The aim of the study was to understand the reasons for the divergence rather than put a single figure in the conclusions. At one level, solar PV can be thought of as an efficient way to convert fossil fuels to electricity. In other words, investing fossil-fuelled electricity into solar plants will provide much more electricity over the PV lifetime. Within the context of our incumbent energy systems, the result is unambiguous – PV produces much more energy over its lifetime than is invested in its production.
The question arises as to how effective solar is at bootstrapping its own energy to increase the stock of PV, and substituting for the whole suite of electricity assets and energy services, including transport. In the long-run, there is much more uncertainty as to the value of PV in replacing incumbent infrastructure.  Do read the paper.
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  1. Tom Biegler (@BieglerTom)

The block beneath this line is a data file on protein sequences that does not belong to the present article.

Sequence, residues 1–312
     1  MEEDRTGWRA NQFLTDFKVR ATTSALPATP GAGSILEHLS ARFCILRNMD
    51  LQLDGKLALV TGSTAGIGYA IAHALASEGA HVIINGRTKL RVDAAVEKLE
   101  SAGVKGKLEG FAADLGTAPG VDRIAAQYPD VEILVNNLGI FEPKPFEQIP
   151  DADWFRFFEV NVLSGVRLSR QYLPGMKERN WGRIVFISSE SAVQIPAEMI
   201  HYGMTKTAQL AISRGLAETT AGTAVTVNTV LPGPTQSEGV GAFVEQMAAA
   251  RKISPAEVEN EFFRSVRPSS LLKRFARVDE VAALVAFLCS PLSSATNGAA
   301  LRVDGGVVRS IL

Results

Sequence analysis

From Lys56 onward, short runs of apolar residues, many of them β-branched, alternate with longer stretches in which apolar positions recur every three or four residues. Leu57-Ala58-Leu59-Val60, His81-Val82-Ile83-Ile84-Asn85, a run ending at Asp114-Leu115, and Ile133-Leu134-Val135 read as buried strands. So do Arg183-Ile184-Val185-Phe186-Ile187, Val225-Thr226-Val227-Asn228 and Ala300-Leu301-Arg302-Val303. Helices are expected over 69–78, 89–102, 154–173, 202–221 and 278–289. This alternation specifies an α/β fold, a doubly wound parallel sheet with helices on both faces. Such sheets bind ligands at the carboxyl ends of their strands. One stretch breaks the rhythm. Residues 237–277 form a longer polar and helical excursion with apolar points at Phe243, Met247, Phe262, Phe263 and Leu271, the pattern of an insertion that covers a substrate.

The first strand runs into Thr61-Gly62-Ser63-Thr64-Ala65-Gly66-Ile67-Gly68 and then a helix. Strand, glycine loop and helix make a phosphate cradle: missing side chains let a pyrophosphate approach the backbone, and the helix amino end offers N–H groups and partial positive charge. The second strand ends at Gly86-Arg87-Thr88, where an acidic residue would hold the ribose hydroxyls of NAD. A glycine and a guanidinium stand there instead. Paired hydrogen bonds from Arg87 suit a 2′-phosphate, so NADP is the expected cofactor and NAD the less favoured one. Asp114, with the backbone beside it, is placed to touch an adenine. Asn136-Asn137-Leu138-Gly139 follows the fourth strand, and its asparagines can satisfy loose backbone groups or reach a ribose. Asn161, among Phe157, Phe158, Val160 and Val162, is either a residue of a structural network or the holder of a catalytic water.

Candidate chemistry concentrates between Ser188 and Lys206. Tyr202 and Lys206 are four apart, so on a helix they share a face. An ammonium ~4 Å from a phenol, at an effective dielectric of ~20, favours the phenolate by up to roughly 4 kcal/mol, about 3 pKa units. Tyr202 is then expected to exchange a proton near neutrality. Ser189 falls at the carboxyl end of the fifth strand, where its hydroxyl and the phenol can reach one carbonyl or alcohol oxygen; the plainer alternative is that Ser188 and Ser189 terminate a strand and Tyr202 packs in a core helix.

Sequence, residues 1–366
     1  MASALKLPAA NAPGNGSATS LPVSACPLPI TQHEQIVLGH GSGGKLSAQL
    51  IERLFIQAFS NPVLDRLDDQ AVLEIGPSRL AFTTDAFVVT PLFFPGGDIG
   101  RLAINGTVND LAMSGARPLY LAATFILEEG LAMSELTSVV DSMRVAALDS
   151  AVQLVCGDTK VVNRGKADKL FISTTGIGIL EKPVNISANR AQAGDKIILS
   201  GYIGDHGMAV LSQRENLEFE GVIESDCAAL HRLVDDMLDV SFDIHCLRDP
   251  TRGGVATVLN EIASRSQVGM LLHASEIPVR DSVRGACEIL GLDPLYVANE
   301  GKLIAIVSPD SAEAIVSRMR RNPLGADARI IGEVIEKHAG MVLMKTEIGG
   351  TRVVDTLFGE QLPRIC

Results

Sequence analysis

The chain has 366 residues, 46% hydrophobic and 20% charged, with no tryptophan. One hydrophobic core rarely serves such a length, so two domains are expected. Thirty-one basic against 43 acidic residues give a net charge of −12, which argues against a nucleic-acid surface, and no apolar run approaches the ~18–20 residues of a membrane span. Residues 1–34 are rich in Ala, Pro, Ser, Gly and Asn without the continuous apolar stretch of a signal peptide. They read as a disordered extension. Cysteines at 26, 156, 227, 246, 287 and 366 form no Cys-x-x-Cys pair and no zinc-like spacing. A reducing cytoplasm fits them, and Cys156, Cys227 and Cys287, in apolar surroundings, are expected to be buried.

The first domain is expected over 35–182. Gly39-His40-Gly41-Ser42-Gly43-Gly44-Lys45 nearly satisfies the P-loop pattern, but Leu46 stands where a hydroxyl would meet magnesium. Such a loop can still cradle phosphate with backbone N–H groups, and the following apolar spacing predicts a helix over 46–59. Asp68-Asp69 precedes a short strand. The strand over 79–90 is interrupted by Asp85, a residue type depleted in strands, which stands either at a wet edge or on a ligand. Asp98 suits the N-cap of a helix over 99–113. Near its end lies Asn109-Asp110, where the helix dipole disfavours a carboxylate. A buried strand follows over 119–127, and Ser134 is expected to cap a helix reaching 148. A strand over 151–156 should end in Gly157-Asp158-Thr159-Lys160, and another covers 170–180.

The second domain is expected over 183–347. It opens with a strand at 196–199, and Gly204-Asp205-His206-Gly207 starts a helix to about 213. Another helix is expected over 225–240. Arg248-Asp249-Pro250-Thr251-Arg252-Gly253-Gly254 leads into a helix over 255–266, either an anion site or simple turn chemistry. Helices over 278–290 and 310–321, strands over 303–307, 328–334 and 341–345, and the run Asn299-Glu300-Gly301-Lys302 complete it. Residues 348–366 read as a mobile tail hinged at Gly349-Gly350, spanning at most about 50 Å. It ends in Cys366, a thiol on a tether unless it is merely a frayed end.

I appreciate that the divergence referred to in the title is a function of system definition. But eventually there will be a simpler, more easily defined system. I refer to a future clean energy world that will have of necessity become all-electric because all major sources of clean energy, solar, wind and nuclear, produce electrical energy as their useful output. With a single energy carrier one can then envisage a situation where some electricity is invested in energy generation which then produces the energy to run all electrified end-uses in industry, commerce, transport, households, etc. The problem reduces to determining just two energy quantities that characterize this system at steady state. How much electrical energy will that world need to generate its desired level of prosperity? And how much electrical energy must it invest annually to service and renew the generating systems. The sum of the two gives the total annual energy requirement. To give an example, the future world might need 350 EJ electrical energy to yield its present prosperity level. It may need a further 50 EJ to service and renew generating systems. In that case it must produce 400 EJ annually. It will be necessary to optimize returns and minimize that annual investment by determining an optimum technology mix. Of course this is a simplified and idealized description. There are huge problems at every turn, especially in achieving full electrification of end uses. But I hope the scenario helps give some insights into the divergent EROI issue.